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Comments on “Washington Post Publishes… And Then Unpublishes… Opinion Piece By Ex-Intelligence Industry Brass, In Favor Of Strong Encryption”

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Re: Re: More evidence of government and corporate capture of the media

You had this right the first time:

This is yet more evidence of government and corporate capture of the media.

Why then this:

It had to come from the government.

Abuse of power by gov’t officials, or deep pocketed advertiser’s nose is out of joint? It could be either. It could even be the editors not wanting to offend one or the other or both.


Online Corroborating Evidence

Indirect corroborating evidence online now: Google cache of Omnifeed link to Washington Post article

This is Google’s cache of http://omnifeed.com/article/www.washingtonpost.com/opinions/the-need-for-ubiquitous-data-encryption/2015/07/28/3d145952-324e-11e5-8353-1215475949f4_story.html. It is a snapshot of the page as it appeared on Jul 29, 2015 07:59:39 GMT.


Why the fear over ubiquitous data encryption is overblown – Washington Post
Washington Post ? 8 hours ago ? 10 Shares
More than three years ago, as former national security officials, we penned an op-ed to raise awareness among the public, the business community and Congress of the serious threat to the nation’s well-being posed by the massive theft of intellectual …

Read more on Washington Post ?

I’ve copied this just to show what I’m seeing in as of this post. To see for yourself, look in Google’s cache now. Note also that Omnifeed itself has already updated its page to reflect the new Washington Post content.

But this provides some confirmation that the Chertoff/Hayden article was indeed up at the Washington Post site. I myself have no connection with Omnifeed, and in fact had never heard of them or visited their site before today.


Bing cache showing inconistent results now

Bing cache is showing inconsistent results for me. I’m getting one view from:


The text in this view appears to corroborate the story?

1 resultsAny time

Why the fear over ubiquitous data encryption is ?
https://www.washingtonpost.com/opinions/the-need…18 hours ago
Cached page

We all benefit from end-to-end encryption of data without building in a means for government monitoring.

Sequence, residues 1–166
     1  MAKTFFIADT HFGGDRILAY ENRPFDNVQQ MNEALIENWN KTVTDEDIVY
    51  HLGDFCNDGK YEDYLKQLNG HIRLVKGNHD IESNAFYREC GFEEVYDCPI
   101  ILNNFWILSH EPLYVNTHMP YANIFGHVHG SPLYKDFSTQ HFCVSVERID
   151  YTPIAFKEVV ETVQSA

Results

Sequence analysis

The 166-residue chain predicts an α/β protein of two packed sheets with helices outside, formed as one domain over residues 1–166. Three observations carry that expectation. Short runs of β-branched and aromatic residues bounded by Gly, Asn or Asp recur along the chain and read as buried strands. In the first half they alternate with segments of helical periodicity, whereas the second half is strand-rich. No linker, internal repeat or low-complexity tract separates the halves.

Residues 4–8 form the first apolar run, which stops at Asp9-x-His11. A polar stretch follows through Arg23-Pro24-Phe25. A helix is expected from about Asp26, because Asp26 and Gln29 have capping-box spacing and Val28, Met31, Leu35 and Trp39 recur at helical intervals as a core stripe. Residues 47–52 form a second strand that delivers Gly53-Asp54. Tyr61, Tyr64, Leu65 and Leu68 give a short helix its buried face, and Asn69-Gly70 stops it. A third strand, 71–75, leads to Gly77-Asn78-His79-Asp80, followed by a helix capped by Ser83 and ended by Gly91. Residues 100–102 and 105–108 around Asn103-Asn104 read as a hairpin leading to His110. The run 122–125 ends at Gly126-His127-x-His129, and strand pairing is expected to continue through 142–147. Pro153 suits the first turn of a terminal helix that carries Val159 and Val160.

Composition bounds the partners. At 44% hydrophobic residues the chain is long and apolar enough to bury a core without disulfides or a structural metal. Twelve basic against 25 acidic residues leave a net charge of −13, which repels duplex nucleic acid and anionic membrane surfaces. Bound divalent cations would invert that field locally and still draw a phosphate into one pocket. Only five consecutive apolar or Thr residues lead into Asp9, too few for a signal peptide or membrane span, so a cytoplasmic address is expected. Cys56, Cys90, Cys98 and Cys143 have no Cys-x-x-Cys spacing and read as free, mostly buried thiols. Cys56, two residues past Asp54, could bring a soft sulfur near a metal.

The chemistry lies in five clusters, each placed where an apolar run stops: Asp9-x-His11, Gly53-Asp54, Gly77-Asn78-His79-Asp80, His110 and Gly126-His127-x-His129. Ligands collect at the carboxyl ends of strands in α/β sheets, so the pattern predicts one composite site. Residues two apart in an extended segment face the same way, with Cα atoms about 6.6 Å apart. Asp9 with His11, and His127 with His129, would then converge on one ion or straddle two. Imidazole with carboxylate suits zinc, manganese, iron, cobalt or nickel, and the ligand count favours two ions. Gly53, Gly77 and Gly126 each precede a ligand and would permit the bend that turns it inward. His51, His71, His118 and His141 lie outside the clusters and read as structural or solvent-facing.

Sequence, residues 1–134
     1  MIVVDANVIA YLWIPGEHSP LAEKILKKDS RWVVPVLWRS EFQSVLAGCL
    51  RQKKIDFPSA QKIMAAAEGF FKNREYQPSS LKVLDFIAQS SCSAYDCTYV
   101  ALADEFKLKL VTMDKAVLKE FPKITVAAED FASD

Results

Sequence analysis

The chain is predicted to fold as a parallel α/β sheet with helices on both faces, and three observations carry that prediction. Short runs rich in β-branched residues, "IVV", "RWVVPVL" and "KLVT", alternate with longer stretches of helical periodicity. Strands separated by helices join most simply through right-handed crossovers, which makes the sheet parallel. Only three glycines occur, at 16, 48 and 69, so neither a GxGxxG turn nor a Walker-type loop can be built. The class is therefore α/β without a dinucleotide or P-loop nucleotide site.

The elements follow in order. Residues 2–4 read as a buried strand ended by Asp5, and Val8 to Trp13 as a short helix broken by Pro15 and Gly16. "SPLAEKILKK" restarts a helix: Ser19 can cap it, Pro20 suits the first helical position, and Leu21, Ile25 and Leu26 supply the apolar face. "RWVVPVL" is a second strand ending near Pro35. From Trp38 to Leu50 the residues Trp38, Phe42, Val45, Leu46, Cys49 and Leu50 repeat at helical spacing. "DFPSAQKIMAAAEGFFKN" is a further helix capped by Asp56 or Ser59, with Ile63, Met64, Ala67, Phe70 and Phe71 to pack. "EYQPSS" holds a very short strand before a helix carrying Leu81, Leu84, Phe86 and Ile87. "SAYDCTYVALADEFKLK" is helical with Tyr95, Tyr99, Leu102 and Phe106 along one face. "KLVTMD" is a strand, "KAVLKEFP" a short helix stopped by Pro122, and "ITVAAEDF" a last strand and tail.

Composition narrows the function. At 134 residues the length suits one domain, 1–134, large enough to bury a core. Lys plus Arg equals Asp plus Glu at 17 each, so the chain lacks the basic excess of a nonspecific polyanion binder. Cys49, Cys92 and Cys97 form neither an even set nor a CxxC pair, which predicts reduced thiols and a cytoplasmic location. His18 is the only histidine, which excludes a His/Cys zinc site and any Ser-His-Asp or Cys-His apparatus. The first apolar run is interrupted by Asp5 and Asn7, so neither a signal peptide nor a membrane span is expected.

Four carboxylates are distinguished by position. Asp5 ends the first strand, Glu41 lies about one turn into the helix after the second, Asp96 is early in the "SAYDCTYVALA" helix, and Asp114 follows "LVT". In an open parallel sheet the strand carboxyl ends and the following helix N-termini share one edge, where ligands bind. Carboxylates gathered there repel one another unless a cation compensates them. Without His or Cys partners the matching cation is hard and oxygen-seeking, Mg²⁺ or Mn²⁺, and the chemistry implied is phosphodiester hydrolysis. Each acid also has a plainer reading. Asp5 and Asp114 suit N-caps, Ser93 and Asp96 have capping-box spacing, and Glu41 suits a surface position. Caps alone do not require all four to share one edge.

But when I actually check Bing’s cache, I’m getting the updated contented content as of 7/29/2015. It shows the editor’s note.


Too much javascript on WaPo's site

I had never visited WaPo’s site until they started carrying The Volokh Conspiracy. The first few times I visited my computer went nuts with all the javascript (I have NoScript). And making matters worse: no link to The Volokh Conspiracy on their front page. Even when I figured out the direct link there was so much javascript. Volokh’s old site never had that much.


It raises the original crypto wars and the fight over the Clipper Chip, and notes that when that effort failed, “the sky did not fall, and we did not go dark and deaf.”
Talking of the Clipper Chip, I know it was apparently defunct in 1996, but weren’t Nintendo making a big thing about its inclusion in Gamecubes just five years later? 😉


Yes, the very same Washington Post that has flat out ignored all of the technical expertise on the subject and called for a “golden key” that would let the intelligence community into our communications.
There’s your answer. Does the Washington Post receive any Federal funding, by any chance? Maybe could make a First Amendment case out of this.

Mike Masnicksays:


We’ve added an update now that WaPo has reposted the article:


They claim it was taken down because it was was posted before it had completed the editing process. Anyone able to figure out what edits have been done?


Re: Re: Updated

Anyone able to figure out what edits have been done?

By eyeball?

? Bio blurbs at top
? Insert ?Clinton? in 2nd to last graf

Actually started to use automated tools, but after converting the PDF you provided to text, got stuck on unicode whitespace chars compared to copy of text from Post website.

Probably need to pull out perl to convert?not sure it’s worth it. Anyhow, that’s when I decided eyeball scan would get initial results quicker.

But I’m still not sure of the provenance of your copy. Might have been altered anywhere along the way. Some sort of cache-poisoning attack? Who knows.


Re: Re:

The internet does not forget.

So true! Even more, we still practice the old Roman Empire tradition of stirring entrails. You go ahead and un-publish what you mistakenly published. We’ve got our own Wayback Machines containing cached copies of what you no longer want us to see. A few incantations of pdftotext piped through diff, and voila your tap dancing is revealed. Shazam!

There’s a lot of eyeballs out here watching, and apparently you forgot. Mike nailed it before he even showed us what was going on.

You might want to put in a bit more effort next time, and know that you underestimate us at your peril. Have a marvy day!